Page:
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Location: UFOUpDatesList.Com > 2007 > Jun > Jun 14

Is Uncle Sam a Closet Ufologist?

From: Terry W. Colvin <fortean1.nul>
Date: Wed, 13 Jun 2007 23:13:29 -0700
Fwd Date: Thu, 14 Jun 2007 08:55:50 -0400
Subject: Is Uncle Sam a Closet Ufologist?

Source: American Chronicle -  Beverly Hills, California, USA


June 12, 2007

The Real 'X-Files': Is Uncle Sam a Closet Ufologist?

Gus Russo

[Note: In late May 2007, I was asked by Dan Smith, who is
discussed in this article, to attempt to write an overview of
the apparent interest of the intelligence community in UFOs.
Although Dan paid me a modest retainer for my time, he agreed to
have absolutely no editorial control over my work or its
conclusions. He was fully prepared to be, possibly, unhappy with
whatever I delivered.]

With terrorism, drug trafficking, climate change, and ever-
present pork projects on its plate, the US government, one would
think, would have zero free time -- not to mention resources - to
devote the supremely elusive topic of flying saucers. But, for
some observers, there is compelling evidence that it does - and
in direct contradiction of its own official statements.

These federal forays into the fanciful seem inspired by the
relatively new buzzwords added to the UFO lexicon, not the
iconic "Roswell," "Alien Autopsies," or even "MJ-12 documents"
of old. Those pass=E9 riddles are no longer considered "coins of
the realm." Now the most intense debates involve subjects with
names like Project Beta, SERPO, Project Camelot, Operation Snow
White, and Star Gate. And weaving in and out of all these
alleged controversies, especially in the UFO internet chat
rooms, are at least three senior intelligence analysts and one
retired Air Force Special Investigator: "Tom" (pseudo.), a
MASINT specialist (Measures and Signals Intelligence) with a PhD
in chemistry and Paul, an aeronautics scholar interested in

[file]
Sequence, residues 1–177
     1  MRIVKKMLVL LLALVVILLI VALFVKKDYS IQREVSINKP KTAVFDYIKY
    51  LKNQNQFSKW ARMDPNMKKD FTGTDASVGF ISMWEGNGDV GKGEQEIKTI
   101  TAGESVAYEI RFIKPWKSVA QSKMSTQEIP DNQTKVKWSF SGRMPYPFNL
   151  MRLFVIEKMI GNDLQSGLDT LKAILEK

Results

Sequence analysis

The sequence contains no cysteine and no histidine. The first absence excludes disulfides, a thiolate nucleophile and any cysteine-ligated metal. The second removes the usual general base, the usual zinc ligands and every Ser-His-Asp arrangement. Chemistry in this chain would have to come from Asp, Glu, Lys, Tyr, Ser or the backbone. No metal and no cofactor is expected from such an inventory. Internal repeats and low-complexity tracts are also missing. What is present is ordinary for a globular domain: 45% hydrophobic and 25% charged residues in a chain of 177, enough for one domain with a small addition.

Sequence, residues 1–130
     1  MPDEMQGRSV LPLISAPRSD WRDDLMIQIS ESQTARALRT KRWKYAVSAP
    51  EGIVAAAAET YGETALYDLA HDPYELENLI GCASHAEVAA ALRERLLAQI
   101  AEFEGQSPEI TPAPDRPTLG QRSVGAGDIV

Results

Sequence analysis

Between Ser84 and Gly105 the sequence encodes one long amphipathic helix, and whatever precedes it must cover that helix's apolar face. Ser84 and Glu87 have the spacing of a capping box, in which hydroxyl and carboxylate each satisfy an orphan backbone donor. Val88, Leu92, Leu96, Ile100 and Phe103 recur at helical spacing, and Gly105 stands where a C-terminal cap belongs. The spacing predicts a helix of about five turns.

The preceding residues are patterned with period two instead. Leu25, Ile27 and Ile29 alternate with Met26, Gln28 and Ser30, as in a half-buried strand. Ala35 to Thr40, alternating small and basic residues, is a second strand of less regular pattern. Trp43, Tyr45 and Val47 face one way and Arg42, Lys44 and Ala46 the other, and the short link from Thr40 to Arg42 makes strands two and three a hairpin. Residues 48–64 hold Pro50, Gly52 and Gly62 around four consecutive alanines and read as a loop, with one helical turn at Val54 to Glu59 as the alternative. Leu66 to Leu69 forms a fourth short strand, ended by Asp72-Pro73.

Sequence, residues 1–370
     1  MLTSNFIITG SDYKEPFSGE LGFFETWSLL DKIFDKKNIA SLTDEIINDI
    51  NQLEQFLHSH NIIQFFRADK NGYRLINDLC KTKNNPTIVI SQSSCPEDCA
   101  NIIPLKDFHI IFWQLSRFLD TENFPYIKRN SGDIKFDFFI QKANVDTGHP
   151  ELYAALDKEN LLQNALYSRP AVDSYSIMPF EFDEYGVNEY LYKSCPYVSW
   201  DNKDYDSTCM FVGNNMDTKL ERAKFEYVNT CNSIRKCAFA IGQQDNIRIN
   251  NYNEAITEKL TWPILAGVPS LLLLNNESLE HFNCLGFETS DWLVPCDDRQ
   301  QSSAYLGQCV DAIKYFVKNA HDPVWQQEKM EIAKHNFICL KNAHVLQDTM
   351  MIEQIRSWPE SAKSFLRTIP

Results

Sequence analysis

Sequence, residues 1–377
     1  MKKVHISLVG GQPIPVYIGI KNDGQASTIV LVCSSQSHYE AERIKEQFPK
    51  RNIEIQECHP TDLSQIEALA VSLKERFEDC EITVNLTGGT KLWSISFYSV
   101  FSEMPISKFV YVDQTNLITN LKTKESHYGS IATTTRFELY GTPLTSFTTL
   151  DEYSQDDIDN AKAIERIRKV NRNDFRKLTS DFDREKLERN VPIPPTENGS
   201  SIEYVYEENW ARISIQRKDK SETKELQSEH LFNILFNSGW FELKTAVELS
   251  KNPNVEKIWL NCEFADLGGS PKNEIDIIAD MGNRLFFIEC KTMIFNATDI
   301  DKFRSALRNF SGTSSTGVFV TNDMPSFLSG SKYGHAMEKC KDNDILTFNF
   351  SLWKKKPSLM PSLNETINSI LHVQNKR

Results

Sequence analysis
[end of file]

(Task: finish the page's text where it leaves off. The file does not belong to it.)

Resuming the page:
"breakthrough propulsion and gravity-modification technologies,"
work down the hall from each at the Directorate of National
Intelligence (DNI) headquarters in Washington. "Jim" (pseudo.),
a physician and former CIA officer in the Directorate of Science
and Technology, maintains his security clearance, and travels
back to Washington often to work on classified psychological
studies. Richard "Rick" Doty, a longtime friend and colleague of
Jim, was an investigator assigned the Air Force Office of
Special Investigations (AFOSI).

What has been confounding UFO buffs for years is the regular
presence of these well-informed "spooks" (and others less
active) in both the physical UFO world and the world of
cyberspace saucers. The mystery seems to have its origins in
1956, pre Tom- Paul-Jim-Rick, and pre internet, and in the most
unlikely of settings: the office of Ward Kimball, one of Walt
Disney's key animators. At a 1979 UFO symposium in San
Francisco, Kimball told how the US Air Force had approached
Disney to make a UFO documentary, the ostensible purpose being
to help prepare the collective American psyche for planned
revelations concerning the reality of extraterrestrials. If that
wasn't enough, the senior flyboys offered to supply actual UFO
footage, which Disney would be allowed to use in his film. It
must have seemed to Kimball that his character Jiminy Cricket's
"wish upon a star" had actually been answered. However, a few
weeks later, the offer was withdrawn just as quickly as it had
been made. Kimball said that an Air Force Colonel said
brusquely, "There indeed was plenty of UFO footage, but that
neither Ward, nor anyone else, was going to get access to it."

The Air Force revisited the gambit in the early seventies, when
Air Force Colonels Robert Coleman and George Weinbrenner
approached documentary filmmaker Robert Emenegger with a very
similar astounding offer. The two colonels, who were possibly
attached to AFOSI, took Emenegger to Norton AFB near San
Bernardino and awed him with footage of what appeared to be
three flying saucers landing at Holloman AFB in New Mexico in
1971. Incredibly, the Air Force was again, according to the
colonels, going to give the footage to Emenegger as a climax to
his forthcoming film, UFOs, Past, Present and Future. But once
again, at the eleventh hour the Air Force changed its mind, they
said, because of the Watergate scandal. Perhaps the country
couldn't handle more bad news.

In the eighties, AFOSI agent Rick Doty, a longtime colleague and
friend of analyst Jim, appeared in New Mexico in order to tease
scientist Paul Bennewitz with promises to divulge the
government's UFO secrets. And in this case, the Air Force
actually delivered the goods, in a sense. Bennewitz, an
entrepreneur who specialized in selling high altitude testing
equipment to the Air Force, had contacted AFOSI after filming
bizarre flying craft near Kirtland AFB, outside Albuquerque. As
a result, Doty was tasked not only with determining if Bennewitz
had stumbled onto classified aircraft tests (and also scientific
research such as Project Starfire), but also with feeding the
physicist mountains of disinformation about UFOs, the furtive
purpose being to divert his attention from classified goings-on,
and later, to monitor the flow of information through the